Pat and Bob Levinson’s 61-year marriage was a happy and fulfilling one. Bob had a gift for business and a deep fascination with public affairs and the performing and visual arts. Pat found hospitals and health care to be her passion. She served on the board of Blythedale Children’s Hospital, as president of the Mount Sinai Hospital Auxiliary, and, beginning in 1981, as a Mount Sinai trustee; she also co-founded New Alternatives for Children, to help those with complex medical conditions transition to loving homes.
Pat’s keen interest in children’s health led to her deep concern, too, with nursing, the importance of a diverse health care work force, the need for universal health insurance coverage, and the challenges of creating progressive health policy that balances access to care, quality, and cost.
At United Hospital Fund, she found a font of knowledge and commitment that suited her probing, creative mind—and her desire to focus on some of health care’s biggest issues and concerns. Initially, her UHF involvement was a way of extending her hospital work, but in 1994 she joined the board and made a serious commitment to UHF’s mission of building a more effective health care system for every New Yorker. She remained active on the board for more than 20 years, becoming vice chairman in 2006.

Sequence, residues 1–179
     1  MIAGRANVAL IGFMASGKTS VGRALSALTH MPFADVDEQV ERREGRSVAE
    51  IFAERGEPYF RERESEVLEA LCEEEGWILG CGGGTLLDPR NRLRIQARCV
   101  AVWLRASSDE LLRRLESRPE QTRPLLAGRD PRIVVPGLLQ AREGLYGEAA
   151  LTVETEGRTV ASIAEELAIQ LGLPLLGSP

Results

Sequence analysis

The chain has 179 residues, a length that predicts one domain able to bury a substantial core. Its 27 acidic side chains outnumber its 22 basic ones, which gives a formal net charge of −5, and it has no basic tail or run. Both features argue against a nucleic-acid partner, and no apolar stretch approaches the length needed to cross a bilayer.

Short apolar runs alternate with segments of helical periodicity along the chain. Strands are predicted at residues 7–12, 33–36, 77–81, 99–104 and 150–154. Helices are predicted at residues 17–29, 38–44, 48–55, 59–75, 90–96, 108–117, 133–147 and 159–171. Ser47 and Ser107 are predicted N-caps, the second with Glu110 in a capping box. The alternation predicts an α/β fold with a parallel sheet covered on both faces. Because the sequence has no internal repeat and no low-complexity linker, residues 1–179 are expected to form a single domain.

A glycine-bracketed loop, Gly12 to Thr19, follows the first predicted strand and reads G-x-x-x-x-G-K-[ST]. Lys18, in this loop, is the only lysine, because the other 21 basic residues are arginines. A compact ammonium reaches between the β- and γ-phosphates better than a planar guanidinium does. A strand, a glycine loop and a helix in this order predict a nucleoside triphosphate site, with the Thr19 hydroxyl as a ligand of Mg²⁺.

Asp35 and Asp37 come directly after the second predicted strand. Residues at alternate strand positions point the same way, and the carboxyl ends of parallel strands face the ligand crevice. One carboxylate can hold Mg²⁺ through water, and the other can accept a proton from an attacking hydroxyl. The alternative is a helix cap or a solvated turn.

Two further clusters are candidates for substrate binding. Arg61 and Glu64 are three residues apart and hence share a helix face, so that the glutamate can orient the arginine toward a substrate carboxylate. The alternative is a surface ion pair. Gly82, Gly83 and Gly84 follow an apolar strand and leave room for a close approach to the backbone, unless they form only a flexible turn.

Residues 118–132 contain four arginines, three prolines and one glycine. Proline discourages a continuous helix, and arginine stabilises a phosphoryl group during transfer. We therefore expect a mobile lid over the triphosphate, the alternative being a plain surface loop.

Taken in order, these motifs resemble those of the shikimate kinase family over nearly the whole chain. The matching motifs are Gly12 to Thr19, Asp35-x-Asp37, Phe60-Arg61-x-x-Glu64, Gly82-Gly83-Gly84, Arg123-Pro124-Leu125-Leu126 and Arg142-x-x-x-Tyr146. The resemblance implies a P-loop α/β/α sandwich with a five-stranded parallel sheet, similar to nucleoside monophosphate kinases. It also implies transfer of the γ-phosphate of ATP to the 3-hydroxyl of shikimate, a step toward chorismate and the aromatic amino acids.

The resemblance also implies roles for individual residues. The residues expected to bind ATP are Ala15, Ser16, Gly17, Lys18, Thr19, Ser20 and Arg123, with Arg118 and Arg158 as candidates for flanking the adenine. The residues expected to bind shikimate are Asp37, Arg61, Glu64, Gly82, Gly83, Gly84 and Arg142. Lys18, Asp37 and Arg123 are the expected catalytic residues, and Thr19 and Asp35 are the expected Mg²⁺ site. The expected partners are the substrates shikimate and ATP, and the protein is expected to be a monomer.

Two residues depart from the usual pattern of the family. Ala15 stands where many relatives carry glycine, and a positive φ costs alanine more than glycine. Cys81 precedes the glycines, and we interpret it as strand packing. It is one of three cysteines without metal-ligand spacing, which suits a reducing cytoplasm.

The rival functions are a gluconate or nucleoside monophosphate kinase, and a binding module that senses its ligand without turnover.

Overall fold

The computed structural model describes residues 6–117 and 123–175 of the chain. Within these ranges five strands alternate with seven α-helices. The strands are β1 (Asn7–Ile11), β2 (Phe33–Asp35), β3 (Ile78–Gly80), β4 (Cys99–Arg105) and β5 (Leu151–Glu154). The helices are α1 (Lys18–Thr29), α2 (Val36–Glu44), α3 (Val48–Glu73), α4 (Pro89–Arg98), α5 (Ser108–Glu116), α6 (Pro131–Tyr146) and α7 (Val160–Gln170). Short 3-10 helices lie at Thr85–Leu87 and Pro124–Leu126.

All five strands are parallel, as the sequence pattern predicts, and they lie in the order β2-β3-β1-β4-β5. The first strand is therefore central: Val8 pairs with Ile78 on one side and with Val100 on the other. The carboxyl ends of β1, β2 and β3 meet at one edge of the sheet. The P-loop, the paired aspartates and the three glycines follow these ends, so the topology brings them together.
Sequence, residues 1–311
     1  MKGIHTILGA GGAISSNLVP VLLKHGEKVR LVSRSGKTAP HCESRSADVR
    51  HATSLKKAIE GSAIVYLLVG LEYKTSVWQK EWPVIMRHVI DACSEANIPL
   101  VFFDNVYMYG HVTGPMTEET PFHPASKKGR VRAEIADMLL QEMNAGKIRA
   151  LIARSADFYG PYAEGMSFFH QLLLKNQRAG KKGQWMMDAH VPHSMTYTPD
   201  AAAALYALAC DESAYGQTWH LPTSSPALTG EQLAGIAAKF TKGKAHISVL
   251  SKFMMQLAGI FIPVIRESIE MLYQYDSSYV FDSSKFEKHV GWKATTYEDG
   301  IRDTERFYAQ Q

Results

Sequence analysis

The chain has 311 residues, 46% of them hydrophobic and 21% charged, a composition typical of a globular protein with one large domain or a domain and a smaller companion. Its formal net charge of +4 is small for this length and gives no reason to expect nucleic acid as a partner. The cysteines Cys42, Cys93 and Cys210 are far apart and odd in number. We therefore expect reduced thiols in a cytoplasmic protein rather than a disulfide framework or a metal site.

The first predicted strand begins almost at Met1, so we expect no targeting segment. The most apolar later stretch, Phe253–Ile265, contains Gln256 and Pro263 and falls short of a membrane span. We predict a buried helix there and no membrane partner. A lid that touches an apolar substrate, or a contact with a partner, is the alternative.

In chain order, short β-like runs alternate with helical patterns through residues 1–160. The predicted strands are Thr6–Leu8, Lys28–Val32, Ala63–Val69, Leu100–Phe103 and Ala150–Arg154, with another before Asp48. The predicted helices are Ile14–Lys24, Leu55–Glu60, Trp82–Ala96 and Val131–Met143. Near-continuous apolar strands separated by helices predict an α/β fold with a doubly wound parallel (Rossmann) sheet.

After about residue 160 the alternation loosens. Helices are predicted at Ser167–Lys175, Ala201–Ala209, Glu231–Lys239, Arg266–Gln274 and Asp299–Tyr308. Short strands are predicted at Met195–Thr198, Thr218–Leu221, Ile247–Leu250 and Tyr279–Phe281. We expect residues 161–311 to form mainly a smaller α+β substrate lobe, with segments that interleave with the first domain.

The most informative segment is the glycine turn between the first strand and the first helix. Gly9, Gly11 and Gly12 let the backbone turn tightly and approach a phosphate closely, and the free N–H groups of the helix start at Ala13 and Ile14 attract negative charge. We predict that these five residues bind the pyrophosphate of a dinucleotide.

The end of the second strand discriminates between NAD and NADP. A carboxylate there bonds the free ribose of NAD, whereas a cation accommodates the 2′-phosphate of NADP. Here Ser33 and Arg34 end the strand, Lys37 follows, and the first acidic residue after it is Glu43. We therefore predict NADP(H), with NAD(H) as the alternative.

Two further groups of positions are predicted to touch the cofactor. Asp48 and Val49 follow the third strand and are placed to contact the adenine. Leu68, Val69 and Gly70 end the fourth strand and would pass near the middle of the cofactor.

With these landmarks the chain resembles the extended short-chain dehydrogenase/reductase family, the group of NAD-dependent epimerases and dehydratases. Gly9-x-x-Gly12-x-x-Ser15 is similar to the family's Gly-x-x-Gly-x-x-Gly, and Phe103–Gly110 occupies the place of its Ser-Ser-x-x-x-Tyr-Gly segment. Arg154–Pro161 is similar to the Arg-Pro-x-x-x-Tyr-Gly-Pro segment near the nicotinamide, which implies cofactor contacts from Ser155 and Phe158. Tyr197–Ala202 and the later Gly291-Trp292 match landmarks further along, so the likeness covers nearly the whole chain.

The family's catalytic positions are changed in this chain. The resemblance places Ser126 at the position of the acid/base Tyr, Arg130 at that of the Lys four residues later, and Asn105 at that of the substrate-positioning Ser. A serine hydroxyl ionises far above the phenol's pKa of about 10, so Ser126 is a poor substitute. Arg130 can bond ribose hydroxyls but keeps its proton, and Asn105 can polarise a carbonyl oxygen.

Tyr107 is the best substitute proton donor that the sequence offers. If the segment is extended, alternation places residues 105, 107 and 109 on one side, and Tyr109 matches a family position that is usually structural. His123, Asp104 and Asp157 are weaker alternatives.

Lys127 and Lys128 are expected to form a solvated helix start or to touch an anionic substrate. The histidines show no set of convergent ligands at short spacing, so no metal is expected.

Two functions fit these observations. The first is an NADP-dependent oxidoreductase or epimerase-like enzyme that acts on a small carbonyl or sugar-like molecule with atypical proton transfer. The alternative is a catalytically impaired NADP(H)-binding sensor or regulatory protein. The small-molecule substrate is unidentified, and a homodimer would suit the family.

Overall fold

After Pat’s death from cancer in September 2015, Bob informed UHF of two distinct and very generous gifts that Pat and he had planned—a share of her estate, as designated in her will, and a grant through the newly created Robert A. and Patricia S. Levinson Award Fund at The New York Community Trust, to support the work of a “Patricia S. Levinson Fellow” at UHF, to be named annually. The first fellow was selected earlier this year—Suzanne Brundage, program director of UHF’s Children’s Health Initiative.
Bob says that Pat and he both wanted to ensure that UHF and the other organizations they supported would use their gifts for core work. “I’m very pleased that the fellowship, in this first year, is advancing children’s health, Pat’s special passion. Pat cared deeply about UHF, and her involvement reinforced what makes it so worth supporting.”